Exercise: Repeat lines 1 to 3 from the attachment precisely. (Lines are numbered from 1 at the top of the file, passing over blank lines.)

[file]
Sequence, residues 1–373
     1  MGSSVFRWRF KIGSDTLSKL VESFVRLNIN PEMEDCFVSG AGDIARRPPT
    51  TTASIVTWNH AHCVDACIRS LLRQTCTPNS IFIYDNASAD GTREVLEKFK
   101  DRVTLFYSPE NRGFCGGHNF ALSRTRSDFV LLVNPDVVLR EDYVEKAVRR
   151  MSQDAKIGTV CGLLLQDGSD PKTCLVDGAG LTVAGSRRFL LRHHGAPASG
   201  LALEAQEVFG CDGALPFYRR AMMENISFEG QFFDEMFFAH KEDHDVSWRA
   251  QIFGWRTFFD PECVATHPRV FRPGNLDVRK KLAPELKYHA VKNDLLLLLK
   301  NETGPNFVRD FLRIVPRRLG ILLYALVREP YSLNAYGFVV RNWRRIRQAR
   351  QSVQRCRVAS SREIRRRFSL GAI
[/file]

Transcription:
Sequence, residues 1–373
     1  MGSSVFRWRF KIGSDTLSKL VESFVRLNIN PEMEDCFVSG AGDIARRPPT
    51  TTASIVTWNH AHCVDACIRS LLRQTCTPNS IFIYDNASAD GTREVLEKFK